Pay off the money that you owe ASAP so that you can start saving for your next home. 

Figure out if you need a flatmate.

Is your budget looking a little too tight for your liking? Having someone to share the expenses with can lighten your financial load. While having a place all to yourself may have been your dream, it can soon become a nightmare if you find yourself unable to make your payments.

Plus, having flatmates can be a fun experience and help alleviate feelings of loneliness. As long as you are all respectful regarding personal space, sharing a flat can be financially and socially rewarding. 


Keep an eye on your credit.

Most landlords will check your latest credit report before leasing a flat to you. If you’ve got a poor credit score, the flat you want might be out of reach. In the future, your score can affect your prospects for a new house, too, and that’s another reason why you need to use your credit wisely.

Your credit score will be imperative when it’s time to leave your first flat and invest in a home. If you’ve got an outstanding balance on your credit card, try to pay more than the minimum requirements. Allocate some of your income to manage your credit card debt.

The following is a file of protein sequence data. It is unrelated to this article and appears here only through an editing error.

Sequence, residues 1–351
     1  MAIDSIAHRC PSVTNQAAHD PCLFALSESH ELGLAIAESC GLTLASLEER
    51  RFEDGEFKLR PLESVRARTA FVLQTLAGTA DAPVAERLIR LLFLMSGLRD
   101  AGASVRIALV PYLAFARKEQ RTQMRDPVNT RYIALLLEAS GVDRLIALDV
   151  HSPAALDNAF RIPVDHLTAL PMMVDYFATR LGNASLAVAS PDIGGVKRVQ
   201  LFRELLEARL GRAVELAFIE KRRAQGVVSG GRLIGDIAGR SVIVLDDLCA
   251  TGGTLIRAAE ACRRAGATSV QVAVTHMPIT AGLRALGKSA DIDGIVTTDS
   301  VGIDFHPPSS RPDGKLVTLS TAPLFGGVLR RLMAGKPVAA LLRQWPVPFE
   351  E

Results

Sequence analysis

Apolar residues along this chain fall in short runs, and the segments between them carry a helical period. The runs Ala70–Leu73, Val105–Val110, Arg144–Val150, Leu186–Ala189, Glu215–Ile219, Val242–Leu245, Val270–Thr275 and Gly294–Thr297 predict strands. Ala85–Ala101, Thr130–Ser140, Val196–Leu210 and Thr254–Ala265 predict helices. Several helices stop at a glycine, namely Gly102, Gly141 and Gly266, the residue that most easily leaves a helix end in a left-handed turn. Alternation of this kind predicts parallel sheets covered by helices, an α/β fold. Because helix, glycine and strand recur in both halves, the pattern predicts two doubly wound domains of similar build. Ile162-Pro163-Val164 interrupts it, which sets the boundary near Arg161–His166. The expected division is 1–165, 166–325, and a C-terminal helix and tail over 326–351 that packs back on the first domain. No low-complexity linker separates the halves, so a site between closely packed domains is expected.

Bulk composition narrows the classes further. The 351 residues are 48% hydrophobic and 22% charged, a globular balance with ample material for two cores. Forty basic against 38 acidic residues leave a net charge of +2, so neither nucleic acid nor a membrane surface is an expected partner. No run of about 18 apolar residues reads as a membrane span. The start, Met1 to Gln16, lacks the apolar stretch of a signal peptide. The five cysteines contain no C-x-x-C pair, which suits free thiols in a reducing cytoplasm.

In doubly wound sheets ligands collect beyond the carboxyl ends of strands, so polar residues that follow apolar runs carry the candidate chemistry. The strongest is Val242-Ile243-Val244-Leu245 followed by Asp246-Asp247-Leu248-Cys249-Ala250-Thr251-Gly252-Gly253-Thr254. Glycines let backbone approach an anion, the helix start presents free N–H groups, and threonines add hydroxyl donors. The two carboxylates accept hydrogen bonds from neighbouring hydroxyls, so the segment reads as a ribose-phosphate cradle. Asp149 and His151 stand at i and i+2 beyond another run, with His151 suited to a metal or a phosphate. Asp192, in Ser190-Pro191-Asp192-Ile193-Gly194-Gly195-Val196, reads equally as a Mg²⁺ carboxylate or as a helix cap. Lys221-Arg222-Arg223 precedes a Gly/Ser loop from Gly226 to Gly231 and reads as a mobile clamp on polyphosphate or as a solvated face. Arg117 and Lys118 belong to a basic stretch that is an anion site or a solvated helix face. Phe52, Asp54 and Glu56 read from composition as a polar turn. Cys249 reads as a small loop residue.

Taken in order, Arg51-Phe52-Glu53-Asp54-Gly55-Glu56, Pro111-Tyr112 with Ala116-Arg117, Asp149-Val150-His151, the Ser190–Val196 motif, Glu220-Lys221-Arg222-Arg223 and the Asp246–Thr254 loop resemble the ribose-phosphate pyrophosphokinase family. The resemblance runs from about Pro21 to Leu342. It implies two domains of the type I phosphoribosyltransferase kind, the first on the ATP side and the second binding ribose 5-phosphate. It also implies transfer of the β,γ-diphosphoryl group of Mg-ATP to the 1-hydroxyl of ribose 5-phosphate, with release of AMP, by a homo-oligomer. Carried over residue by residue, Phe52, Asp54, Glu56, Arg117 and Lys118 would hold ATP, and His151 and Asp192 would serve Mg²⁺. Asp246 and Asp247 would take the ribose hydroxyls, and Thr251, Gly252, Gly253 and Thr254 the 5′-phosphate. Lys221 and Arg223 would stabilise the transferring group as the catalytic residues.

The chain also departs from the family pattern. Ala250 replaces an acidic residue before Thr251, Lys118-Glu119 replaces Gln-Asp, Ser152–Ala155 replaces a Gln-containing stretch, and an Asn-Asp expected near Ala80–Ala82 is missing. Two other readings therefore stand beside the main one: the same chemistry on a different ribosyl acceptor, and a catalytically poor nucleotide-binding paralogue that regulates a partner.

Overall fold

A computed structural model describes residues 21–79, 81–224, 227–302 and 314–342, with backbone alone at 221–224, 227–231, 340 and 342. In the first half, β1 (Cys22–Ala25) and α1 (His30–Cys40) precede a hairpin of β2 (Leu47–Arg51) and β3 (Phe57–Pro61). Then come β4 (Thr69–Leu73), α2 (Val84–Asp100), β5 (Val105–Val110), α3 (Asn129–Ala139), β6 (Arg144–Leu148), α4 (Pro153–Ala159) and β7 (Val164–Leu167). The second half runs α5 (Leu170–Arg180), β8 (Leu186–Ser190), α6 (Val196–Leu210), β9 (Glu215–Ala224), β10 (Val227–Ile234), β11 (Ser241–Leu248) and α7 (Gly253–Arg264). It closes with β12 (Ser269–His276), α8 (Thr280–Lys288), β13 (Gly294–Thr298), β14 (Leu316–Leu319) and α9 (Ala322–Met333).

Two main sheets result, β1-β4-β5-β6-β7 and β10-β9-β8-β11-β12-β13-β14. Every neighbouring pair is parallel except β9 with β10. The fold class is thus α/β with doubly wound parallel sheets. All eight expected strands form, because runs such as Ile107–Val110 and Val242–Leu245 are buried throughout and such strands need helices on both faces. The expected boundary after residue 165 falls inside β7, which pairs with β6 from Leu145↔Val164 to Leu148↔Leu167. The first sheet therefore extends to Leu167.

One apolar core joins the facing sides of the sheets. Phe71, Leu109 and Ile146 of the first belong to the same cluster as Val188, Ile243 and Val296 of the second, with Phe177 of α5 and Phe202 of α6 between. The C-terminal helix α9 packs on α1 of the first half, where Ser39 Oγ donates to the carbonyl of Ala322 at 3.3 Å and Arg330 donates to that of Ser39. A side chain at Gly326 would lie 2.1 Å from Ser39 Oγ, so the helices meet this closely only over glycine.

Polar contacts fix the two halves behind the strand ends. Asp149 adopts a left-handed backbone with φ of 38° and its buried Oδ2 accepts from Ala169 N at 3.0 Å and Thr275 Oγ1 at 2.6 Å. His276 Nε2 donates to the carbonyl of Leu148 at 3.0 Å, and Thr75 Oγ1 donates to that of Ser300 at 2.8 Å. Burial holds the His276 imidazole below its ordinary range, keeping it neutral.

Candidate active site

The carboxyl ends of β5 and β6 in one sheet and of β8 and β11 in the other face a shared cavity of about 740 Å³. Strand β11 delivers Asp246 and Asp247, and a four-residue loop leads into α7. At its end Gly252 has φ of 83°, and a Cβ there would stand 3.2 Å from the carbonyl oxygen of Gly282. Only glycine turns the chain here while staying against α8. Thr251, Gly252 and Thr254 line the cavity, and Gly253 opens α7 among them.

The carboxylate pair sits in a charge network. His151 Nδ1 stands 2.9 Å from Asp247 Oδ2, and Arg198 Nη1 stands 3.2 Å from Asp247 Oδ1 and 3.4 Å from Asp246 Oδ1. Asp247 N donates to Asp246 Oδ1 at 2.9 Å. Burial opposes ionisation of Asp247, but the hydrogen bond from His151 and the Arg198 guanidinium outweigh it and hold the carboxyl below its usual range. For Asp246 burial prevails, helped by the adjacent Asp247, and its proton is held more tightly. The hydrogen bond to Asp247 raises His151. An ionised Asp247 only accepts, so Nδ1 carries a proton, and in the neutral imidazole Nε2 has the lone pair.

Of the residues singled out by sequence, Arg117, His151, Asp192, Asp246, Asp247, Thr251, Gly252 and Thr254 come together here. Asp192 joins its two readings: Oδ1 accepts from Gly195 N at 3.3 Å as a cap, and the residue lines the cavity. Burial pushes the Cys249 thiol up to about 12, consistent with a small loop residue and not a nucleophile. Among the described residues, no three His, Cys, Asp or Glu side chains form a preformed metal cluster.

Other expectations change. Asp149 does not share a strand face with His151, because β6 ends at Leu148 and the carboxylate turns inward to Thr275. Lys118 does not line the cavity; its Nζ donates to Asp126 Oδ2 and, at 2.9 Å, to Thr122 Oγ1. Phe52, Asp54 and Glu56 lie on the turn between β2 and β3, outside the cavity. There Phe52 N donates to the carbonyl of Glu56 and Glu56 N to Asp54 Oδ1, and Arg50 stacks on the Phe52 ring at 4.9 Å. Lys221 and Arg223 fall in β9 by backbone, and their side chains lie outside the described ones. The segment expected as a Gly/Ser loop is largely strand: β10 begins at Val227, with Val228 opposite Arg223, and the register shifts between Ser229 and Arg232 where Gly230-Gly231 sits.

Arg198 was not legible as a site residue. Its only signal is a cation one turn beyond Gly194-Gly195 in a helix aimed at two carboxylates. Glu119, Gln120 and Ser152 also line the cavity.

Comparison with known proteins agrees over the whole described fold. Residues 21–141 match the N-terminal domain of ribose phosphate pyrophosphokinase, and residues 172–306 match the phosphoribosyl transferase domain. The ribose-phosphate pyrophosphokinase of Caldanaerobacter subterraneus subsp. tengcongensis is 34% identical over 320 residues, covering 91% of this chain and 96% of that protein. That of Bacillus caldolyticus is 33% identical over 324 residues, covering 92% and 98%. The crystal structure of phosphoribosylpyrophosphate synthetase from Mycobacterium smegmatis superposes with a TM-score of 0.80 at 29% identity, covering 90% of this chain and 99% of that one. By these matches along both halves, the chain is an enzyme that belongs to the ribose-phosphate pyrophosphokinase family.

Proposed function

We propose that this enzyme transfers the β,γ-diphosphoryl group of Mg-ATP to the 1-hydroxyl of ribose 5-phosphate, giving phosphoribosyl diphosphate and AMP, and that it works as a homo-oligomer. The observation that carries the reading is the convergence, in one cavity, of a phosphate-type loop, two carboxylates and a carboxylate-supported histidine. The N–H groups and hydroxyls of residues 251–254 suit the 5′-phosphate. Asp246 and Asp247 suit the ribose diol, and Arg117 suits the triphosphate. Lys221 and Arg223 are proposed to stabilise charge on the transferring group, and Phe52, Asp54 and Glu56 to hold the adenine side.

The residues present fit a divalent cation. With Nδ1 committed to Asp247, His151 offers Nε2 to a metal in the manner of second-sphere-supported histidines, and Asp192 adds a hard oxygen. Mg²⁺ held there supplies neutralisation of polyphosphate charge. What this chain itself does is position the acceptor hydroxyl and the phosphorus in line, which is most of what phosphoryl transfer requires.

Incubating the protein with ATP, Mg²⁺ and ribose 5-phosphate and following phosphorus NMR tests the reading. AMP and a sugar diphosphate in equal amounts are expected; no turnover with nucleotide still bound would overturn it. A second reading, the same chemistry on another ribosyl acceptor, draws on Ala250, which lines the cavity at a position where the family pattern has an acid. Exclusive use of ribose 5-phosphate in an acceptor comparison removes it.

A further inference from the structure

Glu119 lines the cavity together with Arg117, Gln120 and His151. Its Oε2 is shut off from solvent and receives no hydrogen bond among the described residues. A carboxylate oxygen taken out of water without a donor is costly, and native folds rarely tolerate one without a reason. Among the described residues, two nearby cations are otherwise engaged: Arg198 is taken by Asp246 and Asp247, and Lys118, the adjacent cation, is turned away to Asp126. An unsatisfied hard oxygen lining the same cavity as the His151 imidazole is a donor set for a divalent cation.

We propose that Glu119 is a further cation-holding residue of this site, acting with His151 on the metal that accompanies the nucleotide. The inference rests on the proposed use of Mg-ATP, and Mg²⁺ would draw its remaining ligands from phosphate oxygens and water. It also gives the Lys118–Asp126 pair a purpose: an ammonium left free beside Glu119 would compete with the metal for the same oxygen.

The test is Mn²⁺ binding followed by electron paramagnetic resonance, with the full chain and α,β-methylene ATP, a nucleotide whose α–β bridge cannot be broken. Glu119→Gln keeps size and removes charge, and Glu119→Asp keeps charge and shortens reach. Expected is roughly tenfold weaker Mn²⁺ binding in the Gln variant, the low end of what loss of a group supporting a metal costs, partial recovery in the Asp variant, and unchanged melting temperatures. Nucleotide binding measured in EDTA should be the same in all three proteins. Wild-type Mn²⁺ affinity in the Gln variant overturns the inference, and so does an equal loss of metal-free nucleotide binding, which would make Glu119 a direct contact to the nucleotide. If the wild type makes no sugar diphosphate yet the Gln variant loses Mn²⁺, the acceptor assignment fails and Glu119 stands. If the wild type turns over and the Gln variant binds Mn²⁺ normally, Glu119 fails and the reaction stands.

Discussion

Buy second-hand furniture.

Not every item in your flat has to be brand new. You’ll save a sizable lump of cash if you shop for used items. You can browse websites where locals post their used merchandise for sale – usually, you can haggle them down to an even better price.

Or, you can browse a store that specializes in selling used items. When it comes time to furnish your sitting room or stock your kitchen with tools, consider buying second-hand to save a decent chunk of change.

You don’t need to furnish your new place all at once; pick up a few items here and there whenever you have the cash to spare. 


Set aside money for monthly savings.

It’s incredibly liberating to move into your first flat – but maybe you don’t want to be bound by a lease forever. Most landlords forbid tenants from painting or hanging decorations on the walls. The way to achieve ultimate freedom? Owning a house.

This massive financial purchase might seem unattainable, but the way to get there is through diligent savings and careful budgeting. If you decide to save a chunk of your pay each time it comes in, you’ll slowly but surely work toward amassing enough money for a down payment. 

Use a spreadsheet.

Keeping track of all these moving parts can induce a headache. Financial stress can overshadow your excitement of having your very own place for the first time. Even with the best budget, you’ll have a hard time sticking to it if you have trouble remembering the details.

Set up an organized spreadsheet to keep things straight. It’ll help you keep track of exactly how much money goes in and out of your account. Plus, you’ll be able to narrow down which areas you’re overspending on, and how to cut them down so that you don’t go over your budget.